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[ Questions answered: Legal advice ]


storage until it is clear who has ‘title’. Finally, recognise that photographs taken


without a film set style ‘clapperboard’ appearing in every photograph will have little value. The clapperboard should record why, where and when the picture was taken. The client should receive a copy of every photograph. Circumstances such as the acceleration of


the works are demanding at times. Consider the strain ‘helping out the client’ may put on your management, employees and cashflow before agreeing to your involvement.


An office facilities manager invited us to carry out a periodic inspection report on his building. We gave him a price for each circuit, did the work and sent him a bill. Just before it was due for payment, one of their employees received a nasty electrical shock from one of their pieces of equipment. One point was wrongly earthed. Not only will they not pay the bill, they are also threatening to sue us. We tested 10 per cent of the circuits available to us, which is correct, is it not?


The rules governing inspection and testing have, by necessity, always been vague. However, the ECA can provide guidance in the form of an Industry Best Practice Guide – a guide freely available to members from the ECA website. It is unacceptable to say ‘we only ever test a 10 per cent sample of the installation’. The state of the installation must dictate the number of tests required. The guide dictates which code is suitable for the resultant observations. Anything less is unacceptable. Houses, because there may only be a few circuits, will need the majority, if not all, the circuits testing. Larger commercial/industrial buildings may not need all circuits tested but will still need a rigorous inspection. The quotation should make it clear which


and how many circuits are to be tested – and, even then, that the chosen circuits may not provide a true, representative sample. The report should identify which circuits have been inspected and tested, what the general state of the installation is, and any restrictions the electrician faced while providing the service. Any further works of a purely investigative nature will need pricing on an hourly basis. Make this clear when quoting the initial works. Companies that work almost exclusively in this sector need an efficacy item added to their public liability insurance policy. Members who insure through the ECIC (Electrical Contractors’ Insurance Company) have this enhancement available to them.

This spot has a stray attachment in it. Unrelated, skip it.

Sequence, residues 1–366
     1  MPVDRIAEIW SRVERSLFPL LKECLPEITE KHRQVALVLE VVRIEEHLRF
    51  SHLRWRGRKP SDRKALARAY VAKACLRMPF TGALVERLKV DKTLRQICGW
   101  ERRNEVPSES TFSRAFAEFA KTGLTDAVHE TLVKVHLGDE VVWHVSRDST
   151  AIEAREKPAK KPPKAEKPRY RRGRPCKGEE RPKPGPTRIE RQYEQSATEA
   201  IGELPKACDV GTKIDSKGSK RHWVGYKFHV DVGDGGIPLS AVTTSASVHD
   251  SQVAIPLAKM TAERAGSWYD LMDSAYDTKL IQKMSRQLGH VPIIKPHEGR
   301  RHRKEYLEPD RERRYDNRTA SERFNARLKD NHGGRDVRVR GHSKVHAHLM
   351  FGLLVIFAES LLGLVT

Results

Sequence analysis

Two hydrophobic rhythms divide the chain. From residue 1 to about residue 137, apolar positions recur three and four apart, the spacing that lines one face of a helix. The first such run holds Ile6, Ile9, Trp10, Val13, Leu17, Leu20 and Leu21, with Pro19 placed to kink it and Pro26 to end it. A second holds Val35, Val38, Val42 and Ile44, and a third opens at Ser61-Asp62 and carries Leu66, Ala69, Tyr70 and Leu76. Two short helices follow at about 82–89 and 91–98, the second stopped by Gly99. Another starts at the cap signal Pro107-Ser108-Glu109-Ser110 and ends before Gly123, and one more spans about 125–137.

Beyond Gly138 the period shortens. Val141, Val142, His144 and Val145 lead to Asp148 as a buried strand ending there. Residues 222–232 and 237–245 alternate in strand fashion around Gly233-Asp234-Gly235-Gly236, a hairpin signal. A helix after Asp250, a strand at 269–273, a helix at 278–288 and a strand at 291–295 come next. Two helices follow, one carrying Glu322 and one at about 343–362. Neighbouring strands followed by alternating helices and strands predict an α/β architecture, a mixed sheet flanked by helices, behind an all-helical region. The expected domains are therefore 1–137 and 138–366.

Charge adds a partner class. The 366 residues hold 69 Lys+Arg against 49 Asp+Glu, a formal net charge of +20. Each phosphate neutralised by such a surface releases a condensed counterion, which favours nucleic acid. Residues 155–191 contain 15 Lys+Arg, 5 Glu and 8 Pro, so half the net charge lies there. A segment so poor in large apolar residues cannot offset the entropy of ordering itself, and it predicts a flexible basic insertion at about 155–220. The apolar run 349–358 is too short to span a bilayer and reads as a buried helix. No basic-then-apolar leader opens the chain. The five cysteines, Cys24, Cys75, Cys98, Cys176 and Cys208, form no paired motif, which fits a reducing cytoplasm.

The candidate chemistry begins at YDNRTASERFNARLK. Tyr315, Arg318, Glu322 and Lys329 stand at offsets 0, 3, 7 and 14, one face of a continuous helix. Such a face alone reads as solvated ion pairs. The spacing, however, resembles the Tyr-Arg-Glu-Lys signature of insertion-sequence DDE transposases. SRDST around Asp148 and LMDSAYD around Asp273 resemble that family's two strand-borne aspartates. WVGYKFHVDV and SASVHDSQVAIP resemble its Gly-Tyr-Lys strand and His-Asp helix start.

Eyes open for site problems


Contracting is inherently risky, but when I work for a builder, he will have a contract with the client to insure the usual site risks for me – is that right?


This is a complex area of members’ day-to-day existence, one that benefits from expert advice and guidance. The only insurance needed by law is the cover for employer’s liability against injury or disease to their current or past employees


arising out of their employment. Contractors are normally required to provide public liability cover too. This covers for claims made by non-employees, that is other businesses or members of the public who may have suffered damage, or illness, as a direct result of the contractor’s negligence.


Building contracts should state whether the employer or principal contractor is to


insure the existing building, the works and the materials against a number of risks. It is advisable to ask the contractor whether the main contract insures you as an important subcontractor. When the main contractor amends the standard industry forms of contract, it often passes the risk for loss or damage to either unfixed materials or incomplete work, to the subcontractor. The subcontractor will then incur the extra cost of providing an ‘all risks’ (CAR) insurance policy.


Autumn 2010 ECA Today 57


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